Mercedes-Benz is putting around 25 dealerships and service sites up for sale in Europe, specifically in Belgium, Britain, and Spain. Getting rid of the locations could net the automaker as much as €1 billon ($1.2 billion), according to Automotive News Europe citing a report from Germany's Handelsblatt.
Mercedes intends to sell these sites to independent dealer groups or investors and thinks each one could go for €30 million to €40 million. The automaker wants guarantees to ensure the job security of the people working at these locations. These showrooms and service centers employ about 2,800 people.
Gallery: 2022 Mercedes-Benz EQS
"In potential talks with interested buyers, high priority is placed on their long-term economic success and the continuation of the Mercedes-Benz's operations," a spokesperson for the automaker told Automotive News Europe.
In addition to making some quick money for the automaker, selling these locations lowers the company's fixed costs. The automaker no longer has to handle the upkeep of the locations and takes the workers off of its books.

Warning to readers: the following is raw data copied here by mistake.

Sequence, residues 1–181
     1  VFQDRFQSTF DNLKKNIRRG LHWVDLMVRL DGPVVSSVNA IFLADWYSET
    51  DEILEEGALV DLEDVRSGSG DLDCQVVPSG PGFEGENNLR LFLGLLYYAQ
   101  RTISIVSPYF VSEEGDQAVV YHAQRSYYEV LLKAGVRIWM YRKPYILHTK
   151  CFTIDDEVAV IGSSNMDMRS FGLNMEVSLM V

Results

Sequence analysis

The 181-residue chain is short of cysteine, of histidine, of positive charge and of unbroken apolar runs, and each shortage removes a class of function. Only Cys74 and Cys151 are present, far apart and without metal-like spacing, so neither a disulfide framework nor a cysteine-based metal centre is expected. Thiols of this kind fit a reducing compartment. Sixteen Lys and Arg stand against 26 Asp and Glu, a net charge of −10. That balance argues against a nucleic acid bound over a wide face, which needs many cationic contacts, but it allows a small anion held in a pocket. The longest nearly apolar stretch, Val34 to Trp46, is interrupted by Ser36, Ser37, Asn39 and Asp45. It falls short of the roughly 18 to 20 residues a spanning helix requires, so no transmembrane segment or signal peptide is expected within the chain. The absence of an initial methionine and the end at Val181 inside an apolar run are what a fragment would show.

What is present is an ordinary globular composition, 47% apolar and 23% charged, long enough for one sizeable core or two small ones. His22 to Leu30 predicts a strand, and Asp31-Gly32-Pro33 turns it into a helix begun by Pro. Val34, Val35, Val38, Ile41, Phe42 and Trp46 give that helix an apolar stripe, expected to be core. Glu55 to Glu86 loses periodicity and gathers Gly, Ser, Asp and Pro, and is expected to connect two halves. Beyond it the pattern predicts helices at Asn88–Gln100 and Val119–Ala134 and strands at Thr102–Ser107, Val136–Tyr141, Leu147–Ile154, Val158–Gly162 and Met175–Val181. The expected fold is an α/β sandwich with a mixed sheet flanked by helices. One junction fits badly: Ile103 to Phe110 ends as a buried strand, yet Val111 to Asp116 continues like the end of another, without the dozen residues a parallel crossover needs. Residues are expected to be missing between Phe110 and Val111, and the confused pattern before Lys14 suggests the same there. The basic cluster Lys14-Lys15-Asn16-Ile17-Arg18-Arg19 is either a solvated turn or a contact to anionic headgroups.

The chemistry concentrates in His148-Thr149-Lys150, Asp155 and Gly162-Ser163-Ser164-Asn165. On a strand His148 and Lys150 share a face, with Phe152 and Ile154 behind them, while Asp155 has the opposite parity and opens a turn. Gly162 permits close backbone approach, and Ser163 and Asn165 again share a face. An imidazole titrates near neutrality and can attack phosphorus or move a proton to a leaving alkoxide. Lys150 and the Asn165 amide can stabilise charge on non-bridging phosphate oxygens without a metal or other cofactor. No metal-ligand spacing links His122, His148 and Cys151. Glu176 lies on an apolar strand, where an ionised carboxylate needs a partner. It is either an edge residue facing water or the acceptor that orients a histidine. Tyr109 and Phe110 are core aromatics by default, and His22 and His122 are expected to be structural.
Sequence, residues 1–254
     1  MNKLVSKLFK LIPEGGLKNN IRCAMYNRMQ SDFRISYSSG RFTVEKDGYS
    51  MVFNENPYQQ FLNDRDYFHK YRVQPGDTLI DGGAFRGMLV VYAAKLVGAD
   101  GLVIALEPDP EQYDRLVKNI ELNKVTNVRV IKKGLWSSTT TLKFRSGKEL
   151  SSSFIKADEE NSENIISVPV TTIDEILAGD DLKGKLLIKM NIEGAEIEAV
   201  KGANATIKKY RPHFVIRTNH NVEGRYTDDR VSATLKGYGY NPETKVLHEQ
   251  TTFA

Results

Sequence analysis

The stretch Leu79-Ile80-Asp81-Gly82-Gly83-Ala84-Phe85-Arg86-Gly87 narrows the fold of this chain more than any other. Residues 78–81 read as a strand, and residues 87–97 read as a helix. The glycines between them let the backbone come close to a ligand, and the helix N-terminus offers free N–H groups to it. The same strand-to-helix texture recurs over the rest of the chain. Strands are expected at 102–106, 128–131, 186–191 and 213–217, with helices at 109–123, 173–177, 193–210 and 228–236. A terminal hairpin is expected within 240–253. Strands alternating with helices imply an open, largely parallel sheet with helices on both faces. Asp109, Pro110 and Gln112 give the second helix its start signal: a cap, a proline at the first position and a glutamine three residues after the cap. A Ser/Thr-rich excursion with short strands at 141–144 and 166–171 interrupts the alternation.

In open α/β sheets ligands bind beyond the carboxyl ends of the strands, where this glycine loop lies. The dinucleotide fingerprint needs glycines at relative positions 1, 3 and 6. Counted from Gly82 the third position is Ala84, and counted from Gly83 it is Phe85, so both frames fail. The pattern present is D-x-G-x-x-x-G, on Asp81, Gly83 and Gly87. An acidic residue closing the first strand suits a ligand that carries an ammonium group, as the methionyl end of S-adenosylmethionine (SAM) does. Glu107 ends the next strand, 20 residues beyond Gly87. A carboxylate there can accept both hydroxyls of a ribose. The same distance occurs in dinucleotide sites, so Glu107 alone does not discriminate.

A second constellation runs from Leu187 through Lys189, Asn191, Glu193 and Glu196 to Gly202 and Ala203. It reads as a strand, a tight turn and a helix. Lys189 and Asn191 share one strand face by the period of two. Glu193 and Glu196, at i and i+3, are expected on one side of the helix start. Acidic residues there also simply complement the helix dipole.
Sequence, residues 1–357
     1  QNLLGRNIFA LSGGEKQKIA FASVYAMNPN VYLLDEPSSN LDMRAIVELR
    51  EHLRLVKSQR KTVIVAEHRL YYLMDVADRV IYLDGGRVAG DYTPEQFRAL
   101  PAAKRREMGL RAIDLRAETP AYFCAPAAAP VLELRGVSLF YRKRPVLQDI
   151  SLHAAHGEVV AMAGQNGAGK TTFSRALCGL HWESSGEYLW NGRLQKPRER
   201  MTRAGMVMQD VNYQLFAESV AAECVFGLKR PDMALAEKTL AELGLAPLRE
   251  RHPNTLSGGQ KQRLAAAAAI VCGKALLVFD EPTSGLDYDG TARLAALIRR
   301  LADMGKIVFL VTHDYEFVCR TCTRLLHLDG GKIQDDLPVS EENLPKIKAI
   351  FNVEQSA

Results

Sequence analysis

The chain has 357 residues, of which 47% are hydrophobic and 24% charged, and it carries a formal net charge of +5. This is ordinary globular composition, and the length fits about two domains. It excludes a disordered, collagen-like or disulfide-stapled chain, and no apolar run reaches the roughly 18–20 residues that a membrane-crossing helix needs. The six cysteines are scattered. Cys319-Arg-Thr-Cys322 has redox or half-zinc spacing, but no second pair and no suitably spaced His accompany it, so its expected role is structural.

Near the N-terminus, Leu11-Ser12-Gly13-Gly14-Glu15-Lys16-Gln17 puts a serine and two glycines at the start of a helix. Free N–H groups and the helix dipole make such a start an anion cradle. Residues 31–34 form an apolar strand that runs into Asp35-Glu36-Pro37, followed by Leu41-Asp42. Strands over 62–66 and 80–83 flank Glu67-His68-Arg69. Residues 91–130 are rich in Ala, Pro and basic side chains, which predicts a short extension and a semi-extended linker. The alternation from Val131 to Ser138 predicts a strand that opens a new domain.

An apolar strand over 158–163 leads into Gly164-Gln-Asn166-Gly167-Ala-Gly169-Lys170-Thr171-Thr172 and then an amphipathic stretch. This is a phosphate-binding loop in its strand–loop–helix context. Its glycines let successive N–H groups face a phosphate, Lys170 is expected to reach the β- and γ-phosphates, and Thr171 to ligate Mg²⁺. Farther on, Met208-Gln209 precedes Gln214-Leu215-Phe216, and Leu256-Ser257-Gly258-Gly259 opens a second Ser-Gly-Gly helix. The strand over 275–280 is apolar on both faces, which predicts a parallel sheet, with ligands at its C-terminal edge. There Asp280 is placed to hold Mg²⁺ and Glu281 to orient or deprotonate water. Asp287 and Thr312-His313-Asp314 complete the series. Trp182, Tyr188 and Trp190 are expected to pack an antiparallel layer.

Mercedes can use the money to fund its big investment into electric vehicles, which is still in the fairly early stages. The EQS luxury sedan goes on sale later this year in the US, and there's a whole lot more on the way.
Mercedes has EVs like a crossover variant of the EQS, smaller EQB, and the mid-sized EQE sedan on the way. Even more electric vehicles are coming further in the future, and developing them requires a whole lot of money.
Later this year, Mercedes will also unveil the latest generation of the venerable SL nameplate later in 2021. It'll use a new chassis with a mix of aluminum, steel, magnesium, and fiber composites that will have a significant improvement in rigidity. The car will also have a lower center of gravity than the current model.